David Edwards is Professor of Paediatrics and Neonatal Medicine, and Director of the Centre for the Developing Brain at King’s College London, and Consultant Neonatologist at Guy’s and St Thomas’ Hospital NHS Trust. He was educated at Oxford University, Harvard University, London University and trained with Osmund Reynolds at University College London. In 1992 he was appointed the foundation Weston Professor of Neonatal Medicine at the Royal Postgraduate Medical School, which later joined with Imperial College London. He moved with his group to King’s College London in 2012 to establish the Centre for the Developing Brain with £7.2m of funding from the Medical Research Council. His research group aims to reduce the number of infants suffering brain damage in the perinatal period, and took a leading role in the laboratory and clinical research that led to the discovery and implementation of neural rescue therapy for birth asphyxia. They also established the first dedicated neonatal MR scanner and the development of MR imaging to study perinatal problems. He currently leads the €15million Developing Human Connectome Project funded by the European Research Council.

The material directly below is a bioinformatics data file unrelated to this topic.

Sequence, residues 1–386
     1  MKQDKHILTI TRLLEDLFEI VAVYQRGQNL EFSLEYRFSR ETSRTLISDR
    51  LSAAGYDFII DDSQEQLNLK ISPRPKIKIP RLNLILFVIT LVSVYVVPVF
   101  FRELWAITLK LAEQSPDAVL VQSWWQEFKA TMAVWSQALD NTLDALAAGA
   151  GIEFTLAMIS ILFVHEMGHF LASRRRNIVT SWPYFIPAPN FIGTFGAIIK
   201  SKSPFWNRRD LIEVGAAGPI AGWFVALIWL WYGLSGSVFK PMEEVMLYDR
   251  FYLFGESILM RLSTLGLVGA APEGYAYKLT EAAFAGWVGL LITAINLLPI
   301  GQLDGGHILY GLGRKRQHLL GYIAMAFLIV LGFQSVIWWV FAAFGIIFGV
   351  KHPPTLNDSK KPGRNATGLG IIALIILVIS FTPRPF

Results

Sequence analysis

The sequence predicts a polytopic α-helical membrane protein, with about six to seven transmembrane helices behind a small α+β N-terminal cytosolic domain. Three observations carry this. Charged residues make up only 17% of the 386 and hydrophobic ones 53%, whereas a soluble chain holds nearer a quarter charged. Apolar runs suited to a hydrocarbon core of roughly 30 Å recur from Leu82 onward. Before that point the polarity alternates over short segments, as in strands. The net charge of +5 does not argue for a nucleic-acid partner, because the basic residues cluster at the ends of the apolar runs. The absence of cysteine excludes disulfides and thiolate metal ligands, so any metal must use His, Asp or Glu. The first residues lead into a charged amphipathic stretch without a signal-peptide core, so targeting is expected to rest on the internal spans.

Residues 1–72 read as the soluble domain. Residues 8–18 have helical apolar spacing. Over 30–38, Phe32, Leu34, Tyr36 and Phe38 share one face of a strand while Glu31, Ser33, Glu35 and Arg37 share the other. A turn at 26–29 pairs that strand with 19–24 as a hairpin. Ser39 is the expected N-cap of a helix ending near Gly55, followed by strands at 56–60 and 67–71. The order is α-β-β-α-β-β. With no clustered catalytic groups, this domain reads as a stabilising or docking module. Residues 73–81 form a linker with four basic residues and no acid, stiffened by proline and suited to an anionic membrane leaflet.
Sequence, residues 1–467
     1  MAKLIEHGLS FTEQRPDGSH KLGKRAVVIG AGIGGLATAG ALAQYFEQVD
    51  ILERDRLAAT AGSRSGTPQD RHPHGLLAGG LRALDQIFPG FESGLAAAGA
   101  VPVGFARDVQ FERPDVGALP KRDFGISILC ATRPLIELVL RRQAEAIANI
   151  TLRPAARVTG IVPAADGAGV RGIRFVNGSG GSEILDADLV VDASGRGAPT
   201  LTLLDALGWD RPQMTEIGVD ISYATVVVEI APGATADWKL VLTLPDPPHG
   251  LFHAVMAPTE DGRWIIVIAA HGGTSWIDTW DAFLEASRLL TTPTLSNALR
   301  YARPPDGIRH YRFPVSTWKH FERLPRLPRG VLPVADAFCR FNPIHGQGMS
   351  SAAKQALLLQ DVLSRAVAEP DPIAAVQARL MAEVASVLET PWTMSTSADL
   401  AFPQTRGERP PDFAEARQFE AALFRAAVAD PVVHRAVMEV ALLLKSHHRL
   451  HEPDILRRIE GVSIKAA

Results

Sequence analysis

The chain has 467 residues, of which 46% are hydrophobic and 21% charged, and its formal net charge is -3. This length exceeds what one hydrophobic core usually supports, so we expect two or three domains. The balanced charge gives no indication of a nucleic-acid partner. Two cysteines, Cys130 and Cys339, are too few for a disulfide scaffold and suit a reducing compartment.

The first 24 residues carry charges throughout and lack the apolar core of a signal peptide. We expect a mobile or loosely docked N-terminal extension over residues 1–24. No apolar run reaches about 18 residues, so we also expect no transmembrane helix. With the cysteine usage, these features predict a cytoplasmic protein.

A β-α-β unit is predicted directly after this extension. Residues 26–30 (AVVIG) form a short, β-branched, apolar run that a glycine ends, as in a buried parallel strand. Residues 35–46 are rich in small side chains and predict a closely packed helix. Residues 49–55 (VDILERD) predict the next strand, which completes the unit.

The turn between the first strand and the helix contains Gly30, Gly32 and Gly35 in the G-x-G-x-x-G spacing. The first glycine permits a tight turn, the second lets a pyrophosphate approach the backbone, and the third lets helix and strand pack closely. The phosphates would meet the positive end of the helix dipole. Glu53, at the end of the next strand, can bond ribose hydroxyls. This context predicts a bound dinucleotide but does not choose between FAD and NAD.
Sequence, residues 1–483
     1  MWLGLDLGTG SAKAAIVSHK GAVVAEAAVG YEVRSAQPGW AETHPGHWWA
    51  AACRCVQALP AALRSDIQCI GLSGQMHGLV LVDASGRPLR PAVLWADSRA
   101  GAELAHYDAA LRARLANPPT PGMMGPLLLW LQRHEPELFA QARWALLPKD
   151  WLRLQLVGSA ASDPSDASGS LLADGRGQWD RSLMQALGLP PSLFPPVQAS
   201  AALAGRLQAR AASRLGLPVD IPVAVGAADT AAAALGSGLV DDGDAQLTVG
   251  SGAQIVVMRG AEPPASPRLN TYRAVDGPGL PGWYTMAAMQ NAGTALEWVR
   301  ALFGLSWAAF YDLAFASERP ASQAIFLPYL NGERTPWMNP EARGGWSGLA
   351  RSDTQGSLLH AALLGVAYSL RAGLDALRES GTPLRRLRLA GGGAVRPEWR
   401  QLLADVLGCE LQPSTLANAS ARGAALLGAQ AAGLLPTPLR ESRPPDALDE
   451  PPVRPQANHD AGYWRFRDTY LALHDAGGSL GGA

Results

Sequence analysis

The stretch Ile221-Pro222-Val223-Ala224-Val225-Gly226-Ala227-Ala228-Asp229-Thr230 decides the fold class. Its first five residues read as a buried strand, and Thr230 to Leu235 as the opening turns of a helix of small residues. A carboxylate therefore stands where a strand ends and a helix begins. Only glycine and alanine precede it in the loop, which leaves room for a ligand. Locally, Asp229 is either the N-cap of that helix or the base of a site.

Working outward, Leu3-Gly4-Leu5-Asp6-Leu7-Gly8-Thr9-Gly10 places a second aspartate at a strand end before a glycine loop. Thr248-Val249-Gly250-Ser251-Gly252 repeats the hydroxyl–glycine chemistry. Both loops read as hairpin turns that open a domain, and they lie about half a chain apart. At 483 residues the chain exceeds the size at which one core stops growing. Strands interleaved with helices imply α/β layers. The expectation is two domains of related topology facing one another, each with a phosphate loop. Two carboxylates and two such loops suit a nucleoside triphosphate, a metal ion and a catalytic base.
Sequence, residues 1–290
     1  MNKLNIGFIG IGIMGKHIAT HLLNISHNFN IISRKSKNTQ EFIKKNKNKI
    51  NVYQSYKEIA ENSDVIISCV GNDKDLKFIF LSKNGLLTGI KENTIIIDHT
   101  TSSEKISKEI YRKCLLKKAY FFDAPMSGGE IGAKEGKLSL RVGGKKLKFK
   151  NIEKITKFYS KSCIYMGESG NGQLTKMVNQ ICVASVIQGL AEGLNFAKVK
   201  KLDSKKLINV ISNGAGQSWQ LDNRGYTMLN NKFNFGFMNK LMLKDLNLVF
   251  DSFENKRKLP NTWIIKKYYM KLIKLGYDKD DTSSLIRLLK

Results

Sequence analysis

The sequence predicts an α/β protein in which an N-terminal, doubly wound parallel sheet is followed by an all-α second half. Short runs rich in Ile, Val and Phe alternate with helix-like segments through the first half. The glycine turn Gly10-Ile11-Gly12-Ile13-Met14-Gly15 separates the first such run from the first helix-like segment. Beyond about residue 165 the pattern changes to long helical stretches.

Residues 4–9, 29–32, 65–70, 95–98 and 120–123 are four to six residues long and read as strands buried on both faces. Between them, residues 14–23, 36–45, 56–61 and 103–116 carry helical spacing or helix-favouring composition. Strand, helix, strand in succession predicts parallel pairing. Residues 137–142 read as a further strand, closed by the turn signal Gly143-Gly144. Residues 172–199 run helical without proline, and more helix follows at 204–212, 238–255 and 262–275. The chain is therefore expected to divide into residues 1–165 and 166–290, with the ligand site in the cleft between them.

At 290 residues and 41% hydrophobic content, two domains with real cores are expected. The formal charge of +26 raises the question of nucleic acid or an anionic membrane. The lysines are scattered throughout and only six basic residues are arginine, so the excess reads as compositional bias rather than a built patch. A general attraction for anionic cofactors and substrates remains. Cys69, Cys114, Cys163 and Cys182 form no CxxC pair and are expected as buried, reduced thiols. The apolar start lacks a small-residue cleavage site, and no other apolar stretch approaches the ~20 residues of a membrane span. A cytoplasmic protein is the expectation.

His research goal is to reduce the number of children who suffer lifelong impairment because of brain injury about the time of birth. He and his colleagues are credited with the discovery and implementation of the first effective therapy to reduce brain damage after birth asphyxia; hypothermic neural rescue therapy doubles the chance of normal survival in affected infants. His group now is increasingly focused on machine learning and imaging genetics as a way to understand the problems of preterm infants.